How I Was Taught To Meditate

Moving from posture to posture with a partner, as soon as your name was called out, you had to leap to action. 

Run as fast as you can down the stairs, across the street, and run around the perimeter of the park next to the studio. 

No time to change footwear or anything, move as fast as you can. 

Once you circled the park, back across the street and up the stairs. 

Not done yet. 

Assume shirshasana until you name was called out again, if the posture was difficult you could use the wall to assist or brace yourself. 

You could tell who was new to the studio by how they took to running. 

New members, full of enthusiasm and not knowing what was coming next would put 100% in the movement of running. 

Those who had been around for a while, held back a bit, maybe going 80% or so. 

Myself and the other seniors in the group learned this. 

With a class lasting three hours, once we started one of these drills, there was a good chance you might be running around the park a few times in a night, which when combined with some of the other postures would tap you out.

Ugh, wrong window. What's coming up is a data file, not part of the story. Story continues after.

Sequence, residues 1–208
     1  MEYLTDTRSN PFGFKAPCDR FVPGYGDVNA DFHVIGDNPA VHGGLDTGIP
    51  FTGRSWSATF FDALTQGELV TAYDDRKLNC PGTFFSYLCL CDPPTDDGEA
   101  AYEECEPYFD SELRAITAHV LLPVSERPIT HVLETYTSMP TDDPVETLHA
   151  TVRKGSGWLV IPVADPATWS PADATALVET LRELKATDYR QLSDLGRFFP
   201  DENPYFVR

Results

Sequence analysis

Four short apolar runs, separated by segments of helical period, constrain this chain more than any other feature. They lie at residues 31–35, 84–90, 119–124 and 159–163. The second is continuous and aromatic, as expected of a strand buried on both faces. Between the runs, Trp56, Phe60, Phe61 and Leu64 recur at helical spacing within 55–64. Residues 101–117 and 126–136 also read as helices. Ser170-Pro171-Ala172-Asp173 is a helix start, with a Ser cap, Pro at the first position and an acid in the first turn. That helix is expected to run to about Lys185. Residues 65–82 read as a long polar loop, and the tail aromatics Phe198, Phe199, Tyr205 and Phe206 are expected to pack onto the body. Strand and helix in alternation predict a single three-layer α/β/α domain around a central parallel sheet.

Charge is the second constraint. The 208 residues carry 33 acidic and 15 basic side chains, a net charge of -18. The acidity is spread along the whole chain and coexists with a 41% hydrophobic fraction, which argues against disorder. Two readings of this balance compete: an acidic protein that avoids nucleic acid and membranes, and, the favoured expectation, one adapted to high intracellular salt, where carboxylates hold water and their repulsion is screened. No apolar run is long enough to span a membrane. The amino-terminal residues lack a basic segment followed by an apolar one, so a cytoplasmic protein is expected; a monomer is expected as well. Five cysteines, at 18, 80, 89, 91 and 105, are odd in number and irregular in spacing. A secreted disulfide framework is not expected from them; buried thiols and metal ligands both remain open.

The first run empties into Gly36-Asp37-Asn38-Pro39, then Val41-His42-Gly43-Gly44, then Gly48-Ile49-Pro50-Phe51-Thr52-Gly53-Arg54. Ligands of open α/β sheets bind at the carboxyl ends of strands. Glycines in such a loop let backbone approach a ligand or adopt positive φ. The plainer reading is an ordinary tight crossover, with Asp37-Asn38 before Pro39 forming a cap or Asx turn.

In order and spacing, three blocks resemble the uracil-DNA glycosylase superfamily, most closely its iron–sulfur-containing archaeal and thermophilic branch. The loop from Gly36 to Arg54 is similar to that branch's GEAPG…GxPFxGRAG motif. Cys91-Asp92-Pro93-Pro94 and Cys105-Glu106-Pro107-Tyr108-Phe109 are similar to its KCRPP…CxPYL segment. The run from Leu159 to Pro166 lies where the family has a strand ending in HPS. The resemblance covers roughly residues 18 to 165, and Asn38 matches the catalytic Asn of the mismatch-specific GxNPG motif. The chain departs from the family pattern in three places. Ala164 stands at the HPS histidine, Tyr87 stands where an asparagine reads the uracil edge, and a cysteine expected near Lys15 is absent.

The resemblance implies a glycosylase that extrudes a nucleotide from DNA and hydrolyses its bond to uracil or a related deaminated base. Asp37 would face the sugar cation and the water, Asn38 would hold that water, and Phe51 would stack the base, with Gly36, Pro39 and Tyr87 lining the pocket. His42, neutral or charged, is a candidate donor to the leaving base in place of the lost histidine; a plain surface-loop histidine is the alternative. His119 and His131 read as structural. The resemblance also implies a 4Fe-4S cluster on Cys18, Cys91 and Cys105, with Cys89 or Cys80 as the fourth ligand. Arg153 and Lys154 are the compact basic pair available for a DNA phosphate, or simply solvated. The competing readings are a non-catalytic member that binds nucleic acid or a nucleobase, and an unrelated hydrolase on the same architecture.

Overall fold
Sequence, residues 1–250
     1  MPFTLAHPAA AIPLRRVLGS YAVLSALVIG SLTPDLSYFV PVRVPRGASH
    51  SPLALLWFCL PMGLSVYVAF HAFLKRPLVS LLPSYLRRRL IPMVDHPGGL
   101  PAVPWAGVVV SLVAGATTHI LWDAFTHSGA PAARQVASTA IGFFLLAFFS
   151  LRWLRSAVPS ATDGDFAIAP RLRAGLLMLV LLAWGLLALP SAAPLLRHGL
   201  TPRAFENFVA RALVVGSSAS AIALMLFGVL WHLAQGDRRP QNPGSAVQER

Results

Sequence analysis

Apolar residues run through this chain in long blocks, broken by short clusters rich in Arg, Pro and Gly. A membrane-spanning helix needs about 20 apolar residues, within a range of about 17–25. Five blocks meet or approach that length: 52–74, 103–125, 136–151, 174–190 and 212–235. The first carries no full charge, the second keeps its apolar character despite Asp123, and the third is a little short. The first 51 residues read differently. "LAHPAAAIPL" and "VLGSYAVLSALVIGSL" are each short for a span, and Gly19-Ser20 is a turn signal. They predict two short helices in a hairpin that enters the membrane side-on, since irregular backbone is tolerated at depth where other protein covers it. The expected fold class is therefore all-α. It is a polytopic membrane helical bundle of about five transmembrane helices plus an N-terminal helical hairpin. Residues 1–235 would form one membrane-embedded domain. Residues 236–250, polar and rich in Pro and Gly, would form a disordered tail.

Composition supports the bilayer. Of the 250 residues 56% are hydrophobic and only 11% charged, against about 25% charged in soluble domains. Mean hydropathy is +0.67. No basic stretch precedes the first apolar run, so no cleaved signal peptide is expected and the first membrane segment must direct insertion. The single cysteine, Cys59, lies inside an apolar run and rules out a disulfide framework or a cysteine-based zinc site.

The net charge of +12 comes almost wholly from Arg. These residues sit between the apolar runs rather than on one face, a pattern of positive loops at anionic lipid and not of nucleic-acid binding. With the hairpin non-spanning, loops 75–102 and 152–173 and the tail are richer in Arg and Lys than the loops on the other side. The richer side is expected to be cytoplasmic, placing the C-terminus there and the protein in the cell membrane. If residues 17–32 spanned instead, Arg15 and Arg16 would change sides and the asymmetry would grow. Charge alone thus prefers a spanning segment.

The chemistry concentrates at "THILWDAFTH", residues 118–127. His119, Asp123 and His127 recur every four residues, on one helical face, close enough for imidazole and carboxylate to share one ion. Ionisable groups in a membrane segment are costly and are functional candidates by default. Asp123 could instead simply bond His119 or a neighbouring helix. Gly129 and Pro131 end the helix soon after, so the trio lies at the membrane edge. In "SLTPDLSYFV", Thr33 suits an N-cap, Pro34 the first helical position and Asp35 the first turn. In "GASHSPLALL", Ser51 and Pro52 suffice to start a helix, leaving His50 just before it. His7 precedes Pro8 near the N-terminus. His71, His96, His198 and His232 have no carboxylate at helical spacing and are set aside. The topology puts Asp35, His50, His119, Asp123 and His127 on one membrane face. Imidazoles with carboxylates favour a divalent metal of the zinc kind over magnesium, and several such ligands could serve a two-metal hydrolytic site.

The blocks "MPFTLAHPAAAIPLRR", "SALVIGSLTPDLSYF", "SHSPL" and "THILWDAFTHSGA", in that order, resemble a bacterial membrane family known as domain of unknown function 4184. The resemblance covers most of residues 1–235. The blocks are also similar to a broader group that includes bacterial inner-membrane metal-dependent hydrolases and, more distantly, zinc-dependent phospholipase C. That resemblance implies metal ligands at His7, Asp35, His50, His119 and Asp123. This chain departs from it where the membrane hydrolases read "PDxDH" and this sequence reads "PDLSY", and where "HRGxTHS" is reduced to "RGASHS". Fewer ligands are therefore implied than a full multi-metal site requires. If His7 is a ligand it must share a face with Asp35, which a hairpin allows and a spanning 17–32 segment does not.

Always hold a little reserve in reserve. 

The only time I would do otherwise, on principal, was when my name and my rival's name was called out at the same time to start running- there was no way I was not going to be first one out and first one back. 

What could I say? 

I was a much younger person. 

Over time one would notice that when this exercise was done in class we always finished class with some mediation. 

Not every class finished with mediation, but every class running down the stairs and around the park ended with a mediation. 

When the mediation started, you just meditated. 

Where was the instruction? 

It was natural instruction, one that you had to have the ability to see and feel in order to learn. The postures, exercises, and lessons of the class would put you in a natural state of how to meditate. 

Once that clicked, that was all you needed to exist in that state. 

A natural state. 

Sitting naturally, whatever that was for our culture, eyes open, breathing calm, thinking about nothing of any real importance. 

Just *sitting* still and existing in the creation. 

By just sitting- the body energy exhausted from all the running around, the mind exhausted by the postures, there was nothing else but to just sit and listen to the creation. 

That was how I was *taught* to meditate.

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Located in Westchester New York, the Bujinkan Shinmyoken Dojo is a martial arts training group founded in 2005 with the aim of coming together as martial arts friends to study the Japanese martial art of Masaaki Hatsumi through the lessons of the Bujinkan dojo.

As friends (buyu) we come together to grow, learn, and share our individual potential in this wonderful martial art.

Questions, comments, feedback, and inquiries may be emailed to the group here: BujinkanShinmyoken@gmail.com.